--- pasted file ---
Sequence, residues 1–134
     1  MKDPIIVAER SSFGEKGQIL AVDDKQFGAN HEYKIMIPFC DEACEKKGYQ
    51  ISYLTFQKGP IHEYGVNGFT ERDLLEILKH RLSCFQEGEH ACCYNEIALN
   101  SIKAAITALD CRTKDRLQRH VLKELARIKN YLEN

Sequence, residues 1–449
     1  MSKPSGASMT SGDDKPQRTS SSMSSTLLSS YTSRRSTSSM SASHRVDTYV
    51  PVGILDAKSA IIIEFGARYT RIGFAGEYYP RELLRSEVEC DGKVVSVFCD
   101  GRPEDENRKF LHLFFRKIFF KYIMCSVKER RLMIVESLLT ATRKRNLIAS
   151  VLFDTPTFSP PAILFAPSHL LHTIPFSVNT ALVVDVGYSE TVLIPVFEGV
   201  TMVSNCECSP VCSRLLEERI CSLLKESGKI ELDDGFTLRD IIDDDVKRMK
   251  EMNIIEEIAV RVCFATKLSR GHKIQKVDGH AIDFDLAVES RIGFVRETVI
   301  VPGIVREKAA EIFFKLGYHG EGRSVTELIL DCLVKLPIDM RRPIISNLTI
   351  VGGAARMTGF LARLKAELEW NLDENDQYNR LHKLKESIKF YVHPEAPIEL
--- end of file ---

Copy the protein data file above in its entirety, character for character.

Sequence, residues 1–134
     1  MKDPIIVAER SSFGEKGQIL AVDDKQFGAN HEYKIMIPFC DEACEKKGYQ
    51  ISYLTFQKGP IHEYGVNGFT ERDLLEILKH RLSCFQEGEH ACCYNEIALN
   101  SIKAAITALD CRTKDRLQRH VLKELARIKN YLEN

Sequence, residues 1–449
     1  MSKPSGASMT SGDDKPQRTS SSMSSTLLSS YTSRRSTSSM SASHRVDTYV
    51  PVGILDAKSA IIIEFGARYT RIGFAGEYYP RELLRSEVEC DGKVVSVFCD
   101  GRPEDENRKF LHLFFRKIFF KYIMCSVKER RLMIVESLLT ATRKRNLIAS
   151  VLFDTPTFSP PAILFAPSHL LHTIPFSVNT ALVVDVGYSE TVLIPVFEGV
   201  TMVSNCECSP VCSRLLEERI CSLLKESGKI ELDDGFTLRD IIDDDVKRMK
   251  EMNIIEEIAV RVCFATKLSR GHKIQKVDGH AIDFDLAVES RIGFVRETVI
   301  VPGIVREKAA EIFFKLGYHG EGRSVTELIL DCLVKLPIDM RRPIISNLTI
   351  VGGAARMTGF LARLKAELEW NLDENDQYNR LHKLKESIKF YVHPEAPIEL